Last year's Yayoi Kusama exhibit was the epitome of cool. The Instagrammer's dream had us clamoring for those highly coveted and timed spots inside the polka-dotted and mirrored stalactice/stalagmite cave of Love Is Calling and the incandescent, but fleeting, fireflies of Aftermath of Obliteration of Eternity.
So how does the Museum of Fine Arts, Houston, top last summer's blockbuster? It's another light show for sure, but the comparisons end there. "With Kusama, it was instant. That is what Kusama wanted you to have," says Alison de Lima Greene, the Isabel Brown Wilson Curator of Modern and Contemporary Art at the MFAH and organizing curator of "Pipilotti Rist: Pixel Forest and Worry Will Vanish."
"With Rist, she admires Kusama profoundly and will be the first to say so. But her own aesthetic is for a slower, more temporal experience," says Greene. It's also an embracing environment, with pillows on the floor so visitors can set up camp and watch thousands of hanging LED lights change color and rhythms.
Greene tells us that, for a similar show in Europe, feather beds were provided for visitors. "In America, feather beds are not as common and in Houston, the last thing you want to be is in a big warm quilt in the summer. We changed it to be more compact."
The Switzerland-born Rist is no stranger to collaborations. She was once in a band (Les Reines Prochaines/Queens of the Knives) and built on her early successes with single-channel videos, evolving to two-channel projections and more recent works that combine objects, environments, images and light. "Primarily, she is a pioneer of video techniques and has been completely on the forefront in advances in digital technology," says Greene.
Pixel Forest Transformer is a 2016 collaboration with lighting designer Kaori Kuwabara. It's also a recent acquisition for MFAH, funded by the Caroline Wiess Law Accessions Endowment Fund, though the installation viewed by Houston audiences will be unique.
"We’re very lucky that the artist is here to work with us. She is very much a collaborator. Several people from her studio are here," says Greene. "Although this work has been shown elsewhere she’s very actively engaged at making it special and unique to the architecture of Cullinan Hall. We’re going to have a large curtain in front of the hall to control the natural light; a deep forest green."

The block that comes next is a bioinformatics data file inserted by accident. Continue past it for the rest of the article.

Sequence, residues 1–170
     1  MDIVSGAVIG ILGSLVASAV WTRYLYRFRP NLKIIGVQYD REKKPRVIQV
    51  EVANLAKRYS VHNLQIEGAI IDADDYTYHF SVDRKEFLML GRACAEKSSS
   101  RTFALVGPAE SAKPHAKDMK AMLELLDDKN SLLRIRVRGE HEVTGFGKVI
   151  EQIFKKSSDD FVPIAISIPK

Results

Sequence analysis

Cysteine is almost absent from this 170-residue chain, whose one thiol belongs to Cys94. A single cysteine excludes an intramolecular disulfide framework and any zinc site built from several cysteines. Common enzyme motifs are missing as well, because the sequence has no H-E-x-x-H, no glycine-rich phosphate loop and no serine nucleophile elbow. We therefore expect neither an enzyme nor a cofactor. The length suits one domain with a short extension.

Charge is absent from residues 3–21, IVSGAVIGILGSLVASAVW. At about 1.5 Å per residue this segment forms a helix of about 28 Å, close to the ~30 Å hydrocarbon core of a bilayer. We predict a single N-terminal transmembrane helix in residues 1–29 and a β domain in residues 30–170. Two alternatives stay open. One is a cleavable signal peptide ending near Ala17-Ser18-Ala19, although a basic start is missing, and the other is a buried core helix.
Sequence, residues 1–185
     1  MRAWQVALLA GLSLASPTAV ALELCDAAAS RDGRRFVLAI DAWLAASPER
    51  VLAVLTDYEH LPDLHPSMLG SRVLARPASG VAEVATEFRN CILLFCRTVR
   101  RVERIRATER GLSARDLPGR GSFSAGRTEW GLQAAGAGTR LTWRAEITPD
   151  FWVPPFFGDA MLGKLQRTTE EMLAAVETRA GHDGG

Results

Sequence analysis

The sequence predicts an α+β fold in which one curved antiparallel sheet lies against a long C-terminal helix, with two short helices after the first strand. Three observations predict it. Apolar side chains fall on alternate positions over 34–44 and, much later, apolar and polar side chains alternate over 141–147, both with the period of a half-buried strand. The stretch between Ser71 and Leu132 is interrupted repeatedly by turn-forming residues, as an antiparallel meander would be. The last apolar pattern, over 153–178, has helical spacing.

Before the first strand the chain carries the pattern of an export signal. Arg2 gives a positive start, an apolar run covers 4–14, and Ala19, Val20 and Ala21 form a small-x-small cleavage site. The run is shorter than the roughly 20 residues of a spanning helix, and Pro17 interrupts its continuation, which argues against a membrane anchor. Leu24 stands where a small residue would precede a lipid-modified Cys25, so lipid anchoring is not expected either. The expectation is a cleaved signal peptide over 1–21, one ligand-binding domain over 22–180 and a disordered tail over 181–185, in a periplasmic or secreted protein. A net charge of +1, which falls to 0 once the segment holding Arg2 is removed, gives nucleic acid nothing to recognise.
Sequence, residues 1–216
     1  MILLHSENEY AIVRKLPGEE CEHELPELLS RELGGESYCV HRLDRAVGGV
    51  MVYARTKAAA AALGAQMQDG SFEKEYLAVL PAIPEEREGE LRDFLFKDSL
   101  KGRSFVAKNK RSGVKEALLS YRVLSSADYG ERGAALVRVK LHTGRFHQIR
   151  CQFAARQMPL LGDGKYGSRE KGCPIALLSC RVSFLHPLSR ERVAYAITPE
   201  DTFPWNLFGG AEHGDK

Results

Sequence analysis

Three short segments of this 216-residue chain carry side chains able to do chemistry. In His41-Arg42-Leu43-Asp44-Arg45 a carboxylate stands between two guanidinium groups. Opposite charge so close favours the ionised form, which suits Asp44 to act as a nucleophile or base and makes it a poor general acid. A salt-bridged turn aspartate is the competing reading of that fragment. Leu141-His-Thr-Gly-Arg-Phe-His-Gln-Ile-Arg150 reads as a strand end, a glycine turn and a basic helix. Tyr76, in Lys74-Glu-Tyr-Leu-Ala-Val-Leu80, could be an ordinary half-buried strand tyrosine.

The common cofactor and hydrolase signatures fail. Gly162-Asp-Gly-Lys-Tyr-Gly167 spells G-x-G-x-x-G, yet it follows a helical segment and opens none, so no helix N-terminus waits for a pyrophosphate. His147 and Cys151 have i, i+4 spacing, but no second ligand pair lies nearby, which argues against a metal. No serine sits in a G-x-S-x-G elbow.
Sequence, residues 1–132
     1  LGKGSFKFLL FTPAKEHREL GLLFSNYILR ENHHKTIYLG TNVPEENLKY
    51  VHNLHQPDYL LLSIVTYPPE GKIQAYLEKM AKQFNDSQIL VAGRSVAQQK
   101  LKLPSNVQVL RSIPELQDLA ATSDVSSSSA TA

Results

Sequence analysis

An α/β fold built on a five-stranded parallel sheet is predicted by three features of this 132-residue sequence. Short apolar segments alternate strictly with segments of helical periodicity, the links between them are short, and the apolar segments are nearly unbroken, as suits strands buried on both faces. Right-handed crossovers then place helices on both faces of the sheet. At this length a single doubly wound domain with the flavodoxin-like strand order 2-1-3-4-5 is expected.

Also on view this summer is Worry Will Vanish Dissolution, a 2014 video designed to be projected into a corner, allowing viewers to become part of an environment. "It is a dream state with a narrative. The video opens in a forest environment. All of this very abstract," says Greene. "The camera closes in on the image of a woman sleeping and then you go down the rabbit hole like Alice. [It has] fantastic imagery of the interior of the body which she then blends with imagery of the seas and the cosmos and ultimately it’s all about the body being one with nature and the greater world at large and the joy that comes with that."
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"In Europe in general and in Germany and Switzerland in particular you have a much greater connection with nature," says Greene, who adds that Europeans feel that nature is essential to health and well-being, similar to the Colorado mindset.
"In Houston everyone hides indoors all summer long," she notes. "We thought that having this sort of wonderful journey into nature will help people reconnect with that aspect." The two-channel video runs in ten-minute cycles and is accompanied by a soundtrack, created in collaboration with Anders Guggisberg.
"Pipilotti Rist: Pixel Forest and Worry Will Vanish" runs June 11 through September 17. Open 10 a.m. to 5 p.m. Tuesdays and Wednesdays, 10 a.m. to 9 p.m. Thursdays, 10 a.m. to 7 p.m. Fridays and Saturdays, 12:15 to 7 p.m. Sundays. The Museum of Fine Arts, Houston, 1001 Bissonnet, 713-639-7300, mfah.org. Free to $18.